Dr Shalom Springer, educator, and an advocate of The Gorna Method comments: “The Gorna Method is an original process of teaching how to produce

a creative piano arrangement, improvisation or composition, which is at once engaging and stimulating. In the right hands the method of producing these empowering skills of intuitive music-making, can be taught to students willing to put in the effort to master them. The real magic is that the method is not constrained or limited to the naturally musically talented, but can transform even the mediocre and those not gifted with natural abilities, into competent and entertaining piano players with all the appearances of displaying natural flair. It can transform lives and hundreds have experienced this metamorphosis and have undergone a lasting, life changing experience.”

Jarmila can also be seen as a positive role model and example to women when it comes to realising their own ambitions. In her personal career, she has recently released her second album, entitled ‘Aspaklaria’, a Talmudic word meaning ‘a lens’. The album is very much inspired by her ongoing spiritual journey. ‘My songs on Aspaklaria are songs of love and fear, of one’s personal shattering and self-reconstructing, of questions asked and perhaps answers given, of getting connected and staying connected, of reaching to the Heavens and reaching for the stars.’

The album was released, again on her own record label: Jarmila Music, and recorded in her own self-built studio. There she took on the roles of sound engineer and producer for her own work. Her students are also able to make their own audio recordings at Jarmila’s studio. An ex-student and a friend, Mrs Sheila Grossnass, explains: “When I first met Jarmila I was looking for singing lessons myself, and had no idea of her tremendous talents. She was very encouraging to me in my own ambitions, and I felt that my life became instantaneously enriched. Jarmila has brought something amazing and extra special to Stamford Hill which cannot be suppressed and I feel is the catalyst for inspirational musical growth which is an exciting development for our community. Her students love her and I now know why.”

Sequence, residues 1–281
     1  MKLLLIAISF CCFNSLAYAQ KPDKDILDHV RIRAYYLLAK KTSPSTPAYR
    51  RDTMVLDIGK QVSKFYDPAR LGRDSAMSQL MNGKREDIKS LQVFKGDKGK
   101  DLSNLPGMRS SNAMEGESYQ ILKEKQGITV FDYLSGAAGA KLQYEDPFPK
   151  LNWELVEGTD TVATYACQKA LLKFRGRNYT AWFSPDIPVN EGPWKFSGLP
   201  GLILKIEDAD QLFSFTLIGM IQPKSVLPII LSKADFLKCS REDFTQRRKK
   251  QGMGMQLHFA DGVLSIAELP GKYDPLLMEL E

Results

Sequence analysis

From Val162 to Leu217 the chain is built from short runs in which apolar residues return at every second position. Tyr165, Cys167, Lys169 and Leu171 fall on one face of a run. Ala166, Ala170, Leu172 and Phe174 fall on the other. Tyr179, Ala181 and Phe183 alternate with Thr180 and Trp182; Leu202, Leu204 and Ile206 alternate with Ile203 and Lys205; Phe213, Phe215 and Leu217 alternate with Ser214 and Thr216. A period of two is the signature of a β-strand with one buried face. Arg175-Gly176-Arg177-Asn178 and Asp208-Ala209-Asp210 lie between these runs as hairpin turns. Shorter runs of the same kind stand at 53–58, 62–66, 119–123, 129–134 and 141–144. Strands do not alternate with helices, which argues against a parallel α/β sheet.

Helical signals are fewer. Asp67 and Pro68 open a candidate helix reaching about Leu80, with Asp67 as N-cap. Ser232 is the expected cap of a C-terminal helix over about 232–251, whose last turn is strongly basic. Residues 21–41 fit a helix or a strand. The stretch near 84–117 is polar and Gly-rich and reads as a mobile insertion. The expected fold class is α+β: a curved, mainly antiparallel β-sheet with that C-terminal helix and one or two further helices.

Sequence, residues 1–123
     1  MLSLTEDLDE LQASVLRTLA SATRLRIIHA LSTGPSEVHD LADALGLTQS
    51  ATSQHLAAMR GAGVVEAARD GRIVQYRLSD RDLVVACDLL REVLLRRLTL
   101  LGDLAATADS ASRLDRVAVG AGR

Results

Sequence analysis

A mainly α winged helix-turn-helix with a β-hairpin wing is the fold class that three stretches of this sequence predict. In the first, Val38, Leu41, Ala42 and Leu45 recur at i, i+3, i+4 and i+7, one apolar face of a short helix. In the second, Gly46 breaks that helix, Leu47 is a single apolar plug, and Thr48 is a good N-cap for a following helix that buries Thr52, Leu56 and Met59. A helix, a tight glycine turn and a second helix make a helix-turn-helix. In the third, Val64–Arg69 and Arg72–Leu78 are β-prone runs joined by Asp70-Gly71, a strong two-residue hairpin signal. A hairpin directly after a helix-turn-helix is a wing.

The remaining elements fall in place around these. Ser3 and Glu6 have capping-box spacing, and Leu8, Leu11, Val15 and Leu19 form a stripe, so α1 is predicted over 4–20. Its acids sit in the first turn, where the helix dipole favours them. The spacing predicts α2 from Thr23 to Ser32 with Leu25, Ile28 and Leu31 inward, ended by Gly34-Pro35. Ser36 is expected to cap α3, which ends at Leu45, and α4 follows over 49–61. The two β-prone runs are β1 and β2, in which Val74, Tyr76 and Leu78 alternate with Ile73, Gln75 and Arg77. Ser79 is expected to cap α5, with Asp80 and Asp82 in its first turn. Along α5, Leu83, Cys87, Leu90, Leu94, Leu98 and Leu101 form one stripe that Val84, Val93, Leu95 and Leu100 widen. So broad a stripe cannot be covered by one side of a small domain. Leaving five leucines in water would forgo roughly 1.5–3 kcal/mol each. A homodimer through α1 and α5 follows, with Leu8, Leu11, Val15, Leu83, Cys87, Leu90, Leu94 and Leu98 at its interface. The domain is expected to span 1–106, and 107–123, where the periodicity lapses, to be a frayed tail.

Jarmila can be seen as having re-drawn the musical map of Stamford Hill. Some of her graduates, who became school teachers themselves, were transformed into inspiring educators often ending their own lessons with a ‘Gorna-style’ musical flourish. Fundraising events, SEM and school shows and other community occasions are all enhanced by this instantly recognisable ‘Gorna signature’, which demonstrates the impression Jarmila has made on the whole community.

Talking to Jarmila it is obvious that she really enjoys using her talents to help others develop. She has been overwhelmed with the results of her unique system of teaching and how much The Gorna Method has given her students, many of whom had no musical knowledge or background when they first started learning with her.

Looking to the future, she is the process of setting up a Teacher Training Course for her graduates, so that they will be able to go on and teach others using The Gorna Method as the foundation. As she explains, “It feels like a gift from Hashem that I have discovered a way of helping others in a manner I didn’t know I had and am able to use this to empower women of all ages through music. If I can help anyone live their dream and experience this alluring taste of freedom-through-self-expression – I will have fulfilled my mission.”


To find out more check out Jarmila’s website – www.jarmilagorna.com